The green light flicked on episodically, indicating the client's recognition of each of the tones presented at intervals. I smiled with a nod, in acknowledgement of each positive response, my eyes meeting theirs, in an effort of encouragement on my part. Inwardly I reflected on whether my encouragement was recognised as some sort of approval, a reward even, for pushing a button, for recognising a series of sounds, for the ability to still be able to process a given intensity of a handful of frequencies.
The client appeared eager to please me, quick to pounce on their button as soon as they'd assimilated the information I was sending via a click of the mouse and a strike of a key, enroute through an intricate electrical conduit. They were obviously keen to pass the test, in an effort to defy the ageing process and sensorineural decay, which affects the majority of us, as time passes and our bodies deteriorate.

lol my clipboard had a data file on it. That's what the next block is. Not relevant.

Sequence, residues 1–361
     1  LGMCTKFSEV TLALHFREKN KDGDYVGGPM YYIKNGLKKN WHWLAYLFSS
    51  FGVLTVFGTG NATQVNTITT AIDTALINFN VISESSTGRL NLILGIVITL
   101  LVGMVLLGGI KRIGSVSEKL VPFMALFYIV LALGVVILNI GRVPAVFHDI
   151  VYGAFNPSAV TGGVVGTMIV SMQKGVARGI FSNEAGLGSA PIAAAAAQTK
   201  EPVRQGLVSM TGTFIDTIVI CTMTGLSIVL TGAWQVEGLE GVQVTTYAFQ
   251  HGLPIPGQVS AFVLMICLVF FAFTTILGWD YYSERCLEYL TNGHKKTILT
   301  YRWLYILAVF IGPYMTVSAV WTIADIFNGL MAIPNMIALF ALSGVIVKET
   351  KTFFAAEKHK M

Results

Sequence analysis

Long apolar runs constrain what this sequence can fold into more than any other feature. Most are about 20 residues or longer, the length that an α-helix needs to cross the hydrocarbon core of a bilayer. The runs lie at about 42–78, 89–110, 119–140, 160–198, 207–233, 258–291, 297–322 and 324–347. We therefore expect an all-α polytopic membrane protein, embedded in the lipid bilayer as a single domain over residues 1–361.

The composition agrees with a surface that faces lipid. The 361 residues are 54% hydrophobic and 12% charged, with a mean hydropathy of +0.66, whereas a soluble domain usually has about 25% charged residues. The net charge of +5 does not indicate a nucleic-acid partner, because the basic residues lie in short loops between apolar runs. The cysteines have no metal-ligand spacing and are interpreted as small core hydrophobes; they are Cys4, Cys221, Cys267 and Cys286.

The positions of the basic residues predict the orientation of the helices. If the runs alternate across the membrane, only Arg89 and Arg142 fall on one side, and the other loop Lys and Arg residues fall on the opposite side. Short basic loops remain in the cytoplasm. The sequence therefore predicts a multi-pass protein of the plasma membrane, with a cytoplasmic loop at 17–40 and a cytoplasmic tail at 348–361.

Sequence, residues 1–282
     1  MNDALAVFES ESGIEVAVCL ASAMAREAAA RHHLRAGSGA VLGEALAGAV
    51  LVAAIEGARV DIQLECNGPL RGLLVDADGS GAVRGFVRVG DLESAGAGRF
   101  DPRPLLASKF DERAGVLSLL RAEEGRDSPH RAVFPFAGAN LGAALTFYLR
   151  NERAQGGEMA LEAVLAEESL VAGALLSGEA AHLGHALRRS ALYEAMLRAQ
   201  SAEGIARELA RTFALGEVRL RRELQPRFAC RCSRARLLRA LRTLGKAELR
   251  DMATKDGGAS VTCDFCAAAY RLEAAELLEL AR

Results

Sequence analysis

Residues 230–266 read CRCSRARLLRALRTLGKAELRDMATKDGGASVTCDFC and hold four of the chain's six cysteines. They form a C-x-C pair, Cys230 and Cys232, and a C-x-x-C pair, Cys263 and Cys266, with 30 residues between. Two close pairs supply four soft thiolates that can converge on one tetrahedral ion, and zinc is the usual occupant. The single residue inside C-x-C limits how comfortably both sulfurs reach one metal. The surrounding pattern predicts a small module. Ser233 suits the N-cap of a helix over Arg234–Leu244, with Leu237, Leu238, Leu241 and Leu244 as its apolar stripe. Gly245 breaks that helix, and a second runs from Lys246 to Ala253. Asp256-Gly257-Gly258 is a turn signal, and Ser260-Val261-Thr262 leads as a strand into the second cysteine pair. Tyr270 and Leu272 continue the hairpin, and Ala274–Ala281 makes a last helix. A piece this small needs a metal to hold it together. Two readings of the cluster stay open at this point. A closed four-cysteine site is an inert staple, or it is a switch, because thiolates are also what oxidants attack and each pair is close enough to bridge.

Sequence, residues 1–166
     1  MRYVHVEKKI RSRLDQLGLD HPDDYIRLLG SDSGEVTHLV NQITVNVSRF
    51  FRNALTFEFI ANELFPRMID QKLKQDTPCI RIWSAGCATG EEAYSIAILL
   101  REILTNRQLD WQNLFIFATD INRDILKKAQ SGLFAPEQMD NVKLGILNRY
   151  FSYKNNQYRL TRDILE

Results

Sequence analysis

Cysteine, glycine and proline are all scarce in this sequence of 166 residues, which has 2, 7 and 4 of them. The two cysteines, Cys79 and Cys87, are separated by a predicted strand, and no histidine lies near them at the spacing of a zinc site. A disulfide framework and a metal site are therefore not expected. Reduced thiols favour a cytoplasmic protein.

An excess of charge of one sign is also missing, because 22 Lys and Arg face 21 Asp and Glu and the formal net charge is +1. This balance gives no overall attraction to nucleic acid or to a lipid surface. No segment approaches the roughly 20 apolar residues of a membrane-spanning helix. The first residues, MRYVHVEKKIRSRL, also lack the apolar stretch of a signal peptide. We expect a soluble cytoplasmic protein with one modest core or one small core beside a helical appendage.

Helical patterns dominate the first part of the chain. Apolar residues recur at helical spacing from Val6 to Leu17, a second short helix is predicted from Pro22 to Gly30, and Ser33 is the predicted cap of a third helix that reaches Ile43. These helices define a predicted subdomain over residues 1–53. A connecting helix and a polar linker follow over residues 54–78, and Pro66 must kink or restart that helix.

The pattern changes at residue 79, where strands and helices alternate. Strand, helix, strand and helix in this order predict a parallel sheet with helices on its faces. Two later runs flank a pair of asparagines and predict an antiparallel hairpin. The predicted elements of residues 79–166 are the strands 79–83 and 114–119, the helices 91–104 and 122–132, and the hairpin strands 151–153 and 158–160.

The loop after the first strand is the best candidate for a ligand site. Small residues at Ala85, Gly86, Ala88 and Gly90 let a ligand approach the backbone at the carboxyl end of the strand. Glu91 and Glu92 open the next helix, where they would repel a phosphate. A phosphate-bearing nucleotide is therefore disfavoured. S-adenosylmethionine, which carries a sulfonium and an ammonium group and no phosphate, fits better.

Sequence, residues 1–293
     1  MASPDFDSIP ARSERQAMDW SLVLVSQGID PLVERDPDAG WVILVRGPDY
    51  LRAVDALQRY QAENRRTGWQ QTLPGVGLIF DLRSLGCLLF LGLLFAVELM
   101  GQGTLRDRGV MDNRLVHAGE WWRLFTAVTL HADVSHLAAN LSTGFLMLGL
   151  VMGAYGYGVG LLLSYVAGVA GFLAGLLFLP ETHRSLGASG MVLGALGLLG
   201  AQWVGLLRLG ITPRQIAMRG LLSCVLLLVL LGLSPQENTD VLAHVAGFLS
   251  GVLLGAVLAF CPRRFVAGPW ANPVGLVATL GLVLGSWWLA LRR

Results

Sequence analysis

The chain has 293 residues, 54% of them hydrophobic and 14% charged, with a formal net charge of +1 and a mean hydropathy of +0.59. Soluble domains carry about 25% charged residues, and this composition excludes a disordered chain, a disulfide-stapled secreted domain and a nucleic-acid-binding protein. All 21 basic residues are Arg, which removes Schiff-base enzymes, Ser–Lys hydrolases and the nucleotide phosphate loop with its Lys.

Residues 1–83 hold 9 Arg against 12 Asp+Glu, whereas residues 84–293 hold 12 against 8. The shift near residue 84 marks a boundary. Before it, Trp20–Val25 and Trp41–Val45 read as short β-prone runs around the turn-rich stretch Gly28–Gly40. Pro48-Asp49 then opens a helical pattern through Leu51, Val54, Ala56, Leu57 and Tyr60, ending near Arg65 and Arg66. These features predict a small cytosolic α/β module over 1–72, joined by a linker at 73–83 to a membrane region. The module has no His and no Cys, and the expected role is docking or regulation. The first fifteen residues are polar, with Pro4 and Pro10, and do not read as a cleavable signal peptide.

However, I wondered if they realised that even if they proved their ability to pass this audiometric testing, even if the comments stated "within normal limits", the result is by no means absolute proof that they hear well at all, and nor does it suggest they've defied their own mortality, as it's not the hearing that matters, but only the ability to listen.